Thursday, December 4, 2008

"For you have the poor always with you . . ."

. . but when do you know you are one of them? My title today is part of the bible verse from Matthew 26:11. I think about this often these days. You'd have to be living under a rock to escape the realization that we're in some kind of economic recession. Some days I even wonder whether it will end before we see a modern version of this:

The photo is from 1928. Interesting, exactly 80 years ago. Maybe it's a cycle. Doesn't really matter, though, does it?

I have to start by saying that never in my life have I considered myself to be "affluent." There were difficult times as a single parent but no time in which I needed to resort to welfare or charity beyond my own family. And I've been very spoiled for a number of years now. My husband started the spoiling and I quickly learned to participate in it myself. And let's face it, the meaning of "poor" is so very relative.

Lately I've been obsessing about, of all things, my toenails. I had my last pedicure before we moved to Illinois at the beginning of October. Of course it's the french pedi so it's not all that evident to the casual observer that I'm beginning to grow talons. Costs a little more but it's SO worth it! I've been avoiding getting a pedicure because, frankly, I just don't want to spend the money. I know, I know, it's only $30 or so. But we've been having to "tighten the belt" following four months of unemployment earlier this year. And the transfer to Illinois for two years has required us to rent -- for everyone knows one can't sell a house in Florida right now without a loss. So here we are with rent on top of the FL mortgage and double the utilitie bills. The FL house still has to be heated or cooled, right? The irrigation system still has to run in order to maintain the landscaping. And since we're not there we have the additional expenses of pool and landscape maintenance, things we used to take care of for ourselves. Boo hoo. I hear 'ya.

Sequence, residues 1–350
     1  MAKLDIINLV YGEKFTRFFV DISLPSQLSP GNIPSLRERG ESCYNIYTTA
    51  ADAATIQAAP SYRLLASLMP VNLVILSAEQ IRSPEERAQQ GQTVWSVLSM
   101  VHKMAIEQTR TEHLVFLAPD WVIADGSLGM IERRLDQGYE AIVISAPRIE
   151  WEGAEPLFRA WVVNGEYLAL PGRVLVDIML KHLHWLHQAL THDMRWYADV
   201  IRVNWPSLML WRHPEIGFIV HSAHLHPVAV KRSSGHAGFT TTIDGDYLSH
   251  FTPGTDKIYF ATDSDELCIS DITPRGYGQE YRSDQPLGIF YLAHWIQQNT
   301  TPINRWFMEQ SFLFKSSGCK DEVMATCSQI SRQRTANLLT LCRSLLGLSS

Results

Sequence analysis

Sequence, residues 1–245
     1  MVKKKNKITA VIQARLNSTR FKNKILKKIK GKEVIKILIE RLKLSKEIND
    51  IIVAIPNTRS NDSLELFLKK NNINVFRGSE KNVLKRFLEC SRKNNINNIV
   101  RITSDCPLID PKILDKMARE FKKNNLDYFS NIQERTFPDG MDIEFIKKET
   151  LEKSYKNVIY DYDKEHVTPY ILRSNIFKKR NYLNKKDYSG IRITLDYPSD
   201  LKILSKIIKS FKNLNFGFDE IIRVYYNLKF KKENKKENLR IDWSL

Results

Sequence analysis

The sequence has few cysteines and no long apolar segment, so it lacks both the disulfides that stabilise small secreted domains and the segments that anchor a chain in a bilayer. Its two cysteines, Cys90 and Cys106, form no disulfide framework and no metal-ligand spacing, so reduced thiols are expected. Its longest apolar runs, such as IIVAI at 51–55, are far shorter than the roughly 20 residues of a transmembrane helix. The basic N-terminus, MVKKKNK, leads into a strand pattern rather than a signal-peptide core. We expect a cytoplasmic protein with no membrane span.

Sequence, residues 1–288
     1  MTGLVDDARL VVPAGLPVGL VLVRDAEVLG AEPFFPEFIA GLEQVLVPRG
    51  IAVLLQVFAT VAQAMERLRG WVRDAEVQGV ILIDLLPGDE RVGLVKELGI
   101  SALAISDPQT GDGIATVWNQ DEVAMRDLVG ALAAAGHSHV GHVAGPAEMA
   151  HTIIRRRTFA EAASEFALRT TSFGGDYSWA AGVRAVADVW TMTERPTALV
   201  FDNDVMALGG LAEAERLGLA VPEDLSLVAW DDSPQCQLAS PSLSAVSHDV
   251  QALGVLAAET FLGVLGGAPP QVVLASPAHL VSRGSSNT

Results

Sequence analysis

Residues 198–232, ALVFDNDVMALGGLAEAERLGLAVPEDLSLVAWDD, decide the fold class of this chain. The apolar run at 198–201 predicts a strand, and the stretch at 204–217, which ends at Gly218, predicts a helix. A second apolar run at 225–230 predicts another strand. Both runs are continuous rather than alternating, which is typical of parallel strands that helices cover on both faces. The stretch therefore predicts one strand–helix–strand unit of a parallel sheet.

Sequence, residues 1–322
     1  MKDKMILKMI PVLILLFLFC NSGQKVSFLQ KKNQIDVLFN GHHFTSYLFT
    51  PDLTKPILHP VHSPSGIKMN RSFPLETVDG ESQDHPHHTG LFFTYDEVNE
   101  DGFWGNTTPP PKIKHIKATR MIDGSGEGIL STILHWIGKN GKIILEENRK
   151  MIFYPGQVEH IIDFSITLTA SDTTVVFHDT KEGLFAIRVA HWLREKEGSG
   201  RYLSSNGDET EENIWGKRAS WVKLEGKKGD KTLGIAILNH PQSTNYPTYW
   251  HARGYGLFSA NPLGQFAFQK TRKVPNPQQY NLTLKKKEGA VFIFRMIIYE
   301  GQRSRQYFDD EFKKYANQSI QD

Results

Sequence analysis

Today I was at the grocery store filling up the cart with the normal food items, the deli sliced ham, the Dove chocolates, the Christian Brothers brandy and eggnog combo. It was in the bread aisle that I encountered two women, seemingly strangers, talking about the high price of bread, of all things. As I passed them one said to the other "Oh, well, I guess we'll have to wait on that." Imagine going to the grocery store and one of the items on your list, bread, has to wait because it is too expensive. I wanted to buy the bread for her and perhaps I should have offered but at the time I thought she would be embarassed.

It's something to think about for most of us, I'm sure. Yeah, I know you believe you deserve that daily beverage from Starbuck's. There are/were 262 working days in 2008 for those of you who have to make a living (just kidding). Let's say you didn't go for the $14, 13 shot venti soy hazelnut vanilla cinnamon white mocha with extra white mocha and caramel. Still, are you really sure you deserved that daily Venti Mocha for, maybe, $5? Or do you more deserve the $1,300 and change you would have still had at the end of the year? Yes, of course I realize you cut back to going out to dinner only once a week and you just get the quick car wash instead of the full detailing. As I said, "poor" is all relative.

All of this thinking about the economy and our personal expenses has led me to a lightbulb moment. When did I forget how to use a nail clipper? When did I become unable to paint my own toes? What a revelation!


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